Within the Reddit.com community, there’s a group called Homelab. There you’ll find people with one thing in common: they love setting up a network within their own home. Why? Just because! Their discussion board is full of exciting things such as pictures of recently purchased hardware, network diagrams and a wiki for introducing a newcomer to their Homelab world. Sounds stunning, right?
If you’re like many small business owners, though, you aren’t a member of this world. In fact, you may often confuse switches and routers because what IS the difference, anyway?
Setting up and running a successful business network can be daunting. Here’s a quick run down on the difference between routers and switches that may help you when working on your business’s network hardware. Did you know that some devices may serve as both a router and a switch? Because of this, even the IT techs may get the terms mixed up!
Router: Your router is your network gateway between your devices (LAN or WAN) and the outside world (ISP). When a data packet arrives from the outside world, your router is in charge of sending it to the correct destination. You could think of this like the mail carrier who delivers an envelope to your buddy on their birthday because you wrote the correct address and zip code on it. Using IP addresses (both external and internally-assigned), your router delivers your mail from the internet to your LAN or WAN.
Switch: This is like a seating chart of your devices. It knows, using the MAC addresses, which computer, printer or other device is connected to it and where it’s located. Using switches, you can send data between computers within your network and also send it along to a router for data such as internet traffic or emails. Also, managed switches allow you to prioritize network traffic. For instance, you could give Skype the top spot so whenever you use it for business calls, you have the best bandwidth speeds.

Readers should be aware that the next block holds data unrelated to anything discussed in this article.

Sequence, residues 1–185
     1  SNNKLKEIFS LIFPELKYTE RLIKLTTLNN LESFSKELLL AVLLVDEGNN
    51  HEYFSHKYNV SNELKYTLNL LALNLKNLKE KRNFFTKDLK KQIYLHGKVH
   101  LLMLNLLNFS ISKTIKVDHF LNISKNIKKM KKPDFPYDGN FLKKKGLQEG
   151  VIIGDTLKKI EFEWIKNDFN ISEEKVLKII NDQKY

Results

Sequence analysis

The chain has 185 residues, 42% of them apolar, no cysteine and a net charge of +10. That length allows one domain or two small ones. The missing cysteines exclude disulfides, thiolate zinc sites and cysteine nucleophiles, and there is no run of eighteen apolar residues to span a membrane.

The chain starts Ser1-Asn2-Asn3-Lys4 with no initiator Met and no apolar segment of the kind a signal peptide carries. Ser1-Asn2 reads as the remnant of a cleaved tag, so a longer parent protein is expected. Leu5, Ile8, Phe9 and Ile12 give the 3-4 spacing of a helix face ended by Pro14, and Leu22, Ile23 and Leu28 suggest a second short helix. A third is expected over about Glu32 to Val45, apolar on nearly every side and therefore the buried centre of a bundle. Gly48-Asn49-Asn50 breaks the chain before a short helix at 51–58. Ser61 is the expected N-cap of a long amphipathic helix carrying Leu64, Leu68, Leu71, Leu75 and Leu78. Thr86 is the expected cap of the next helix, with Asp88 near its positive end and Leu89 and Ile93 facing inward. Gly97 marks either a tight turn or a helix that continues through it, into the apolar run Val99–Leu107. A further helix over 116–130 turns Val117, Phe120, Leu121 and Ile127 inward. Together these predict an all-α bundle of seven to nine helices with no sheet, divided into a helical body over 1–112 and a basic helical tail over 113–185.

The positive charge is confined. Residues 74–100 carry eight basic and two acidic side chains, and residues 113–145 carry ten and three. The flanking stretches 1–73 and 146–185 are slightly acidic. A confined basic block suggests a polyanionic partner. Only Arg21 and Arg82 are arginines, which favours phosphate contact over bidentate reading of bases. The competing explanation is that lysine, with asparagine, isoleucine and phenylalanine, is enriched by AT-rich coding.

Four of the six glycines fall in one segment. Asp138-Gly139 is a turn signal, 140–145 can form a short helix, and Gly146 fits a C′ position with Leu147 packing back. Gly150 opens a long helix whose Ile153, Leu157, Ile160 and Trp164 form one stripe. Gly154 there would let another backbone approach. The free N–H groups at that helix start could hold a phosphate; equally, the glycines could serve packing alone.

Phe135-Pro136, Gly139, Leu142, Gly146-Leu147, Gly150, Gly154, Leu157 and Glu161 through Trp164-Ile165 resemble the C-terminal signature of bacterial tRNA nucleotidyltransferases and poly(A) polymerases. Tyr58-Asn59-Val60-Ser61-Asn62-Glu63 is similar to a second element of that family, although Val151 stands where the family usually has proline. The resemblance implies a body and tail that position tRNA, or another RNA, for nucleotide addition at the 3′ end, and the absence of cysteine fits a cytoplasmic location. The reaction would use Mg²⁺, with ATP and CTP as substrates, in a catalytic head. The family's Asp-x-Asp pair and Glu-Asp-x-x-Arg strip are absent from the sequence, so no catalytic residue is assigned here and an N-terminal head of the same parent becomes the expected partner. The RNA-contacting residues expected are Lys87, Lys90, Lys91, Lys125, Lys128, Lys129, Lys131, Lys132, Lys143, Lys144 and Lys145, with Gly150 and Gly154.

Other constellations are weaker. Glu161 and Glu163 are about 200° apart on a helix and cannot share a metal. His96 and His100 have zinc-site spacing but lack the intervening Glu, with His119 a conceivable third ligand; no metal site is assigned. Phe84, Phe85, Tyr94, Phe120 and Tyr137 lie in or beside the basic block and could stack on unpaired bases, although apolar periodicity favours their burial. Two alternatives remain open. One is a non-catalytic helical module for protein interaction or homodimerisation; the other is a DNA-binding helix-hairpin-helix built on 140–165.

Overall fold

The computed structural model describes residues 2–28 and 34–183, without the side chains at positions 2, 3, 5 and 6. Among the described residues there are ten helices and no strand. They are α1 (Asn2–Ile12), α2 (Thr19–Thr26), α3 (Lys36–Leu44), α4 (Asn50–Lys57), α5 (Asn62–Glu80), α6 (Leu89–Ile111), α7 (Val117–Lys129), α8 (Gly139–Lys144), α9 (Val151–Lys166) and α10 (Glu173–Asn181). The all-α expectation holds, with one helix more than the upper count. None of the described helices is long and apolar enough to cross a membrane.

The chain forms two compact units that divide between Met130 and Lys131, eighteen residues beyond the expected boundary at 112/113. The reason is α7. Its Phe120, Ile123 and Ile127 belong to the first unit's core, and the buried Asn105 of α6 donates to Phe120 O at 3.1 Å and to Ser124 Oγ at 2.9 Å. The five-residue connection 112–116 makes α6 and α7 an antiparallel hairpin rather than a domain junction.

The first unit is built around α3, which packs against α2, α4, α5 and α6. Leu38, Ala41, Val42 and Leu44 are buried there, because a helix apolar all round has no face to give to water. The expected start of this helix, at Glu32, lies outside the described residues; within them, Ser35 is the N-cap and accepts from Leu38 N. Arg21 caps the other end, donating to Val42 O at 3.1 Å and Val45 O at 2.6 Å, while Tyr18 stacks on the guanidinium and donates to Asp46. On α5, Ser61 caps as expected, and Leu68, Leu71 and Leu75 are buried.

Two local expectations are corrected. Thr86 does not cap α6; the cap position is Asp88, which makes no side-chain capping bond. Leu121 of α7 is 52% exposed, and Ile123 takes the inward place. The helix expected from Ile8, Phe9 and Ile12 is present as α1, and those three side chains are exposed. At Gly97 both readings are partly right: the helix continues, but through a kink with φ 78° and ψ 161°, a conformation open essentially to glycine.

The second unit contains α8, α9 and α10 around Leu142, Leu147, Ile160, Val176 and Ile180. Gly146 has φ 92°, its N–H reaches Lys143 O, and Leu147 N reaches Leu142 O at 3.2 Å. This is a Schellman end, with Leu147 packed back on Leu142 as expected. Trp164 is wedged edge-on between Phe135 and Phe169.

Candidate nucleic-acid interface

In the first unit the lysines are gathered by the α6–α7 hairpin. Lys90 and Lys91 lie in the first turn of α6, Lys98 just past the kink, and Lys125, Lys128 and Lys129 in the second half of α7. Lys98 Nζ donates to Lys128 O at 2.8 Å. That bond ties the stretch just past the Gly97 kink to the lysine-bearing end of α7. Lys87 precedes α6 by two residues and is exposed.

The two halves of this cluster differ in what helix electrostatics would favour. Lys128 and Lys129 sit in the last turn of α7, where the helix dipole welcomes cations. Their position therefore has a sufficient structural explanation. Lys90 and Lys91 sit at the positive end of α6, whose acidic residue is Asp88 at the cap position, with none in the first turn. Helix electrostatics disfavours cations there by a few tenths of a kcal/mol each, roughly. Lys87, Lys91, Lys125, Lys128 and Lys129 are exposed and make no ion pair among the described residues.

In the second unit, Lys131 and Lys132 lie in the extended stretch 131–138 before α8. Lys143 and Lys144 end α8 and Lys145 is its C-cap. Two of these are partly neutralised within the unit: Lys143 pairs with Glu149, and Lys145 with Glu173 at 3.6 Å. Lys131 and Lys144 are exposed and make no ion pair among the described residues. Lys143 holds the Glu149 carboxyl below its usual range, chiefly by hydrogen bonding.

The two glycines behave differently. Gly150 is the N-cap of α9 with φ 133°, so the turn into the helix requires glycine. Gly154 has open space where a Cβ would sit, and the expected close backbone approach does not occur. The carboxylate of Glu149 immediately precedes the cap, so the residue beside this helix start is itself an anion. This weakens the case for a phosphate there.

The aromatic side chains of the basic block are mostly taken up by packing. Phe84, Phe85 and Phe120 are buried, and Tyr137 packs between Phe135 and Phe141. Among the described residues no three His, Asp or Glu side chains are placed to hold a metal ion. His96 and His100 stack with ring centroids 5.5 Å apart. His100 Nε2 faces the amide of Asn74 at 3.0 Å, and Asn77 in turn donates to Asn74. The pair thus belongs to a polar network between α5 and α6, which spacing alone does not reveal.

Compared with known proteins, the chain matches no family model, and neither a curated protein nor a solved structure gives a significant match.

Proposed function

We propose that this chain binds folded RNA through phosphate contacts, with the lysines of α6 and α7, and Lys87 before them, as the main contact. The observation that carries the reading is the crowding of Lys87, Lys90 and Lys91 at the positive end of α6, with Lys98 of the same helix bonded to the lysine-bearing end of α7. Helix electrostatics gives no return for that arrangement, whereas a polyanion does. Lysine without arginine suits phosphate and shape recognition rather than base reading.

Cisco put it this way: “Switches create a network. Routers connect a network.”
Whether you need a business network for data, VOIP phone systems or video calls, it is the foundation for your communications. The status and speed of your network can improve or hinder your profitability, cyber security and customer service. If you feel like you’re having to react to issues because of your business network, you’re not alone! We recently worked with the Massachusetts Golf Association (MGA) on several IT initiatives, including improving their network.
“ORAM changed our relationship with technology from reactive to proactive,” said Becky Blaeser, Director of Communications for the MGA. “They monitor each laptop and system, which allows us to stay ahead of the technology and devices that we have. It allows us to be more efficient, and shift our focus from ‘firefighting’ to strategic growth.”
We’re here to help you focus on your business’s profitability through affordable IT solutions. Let us know how we can help you focus on strategic growth as well!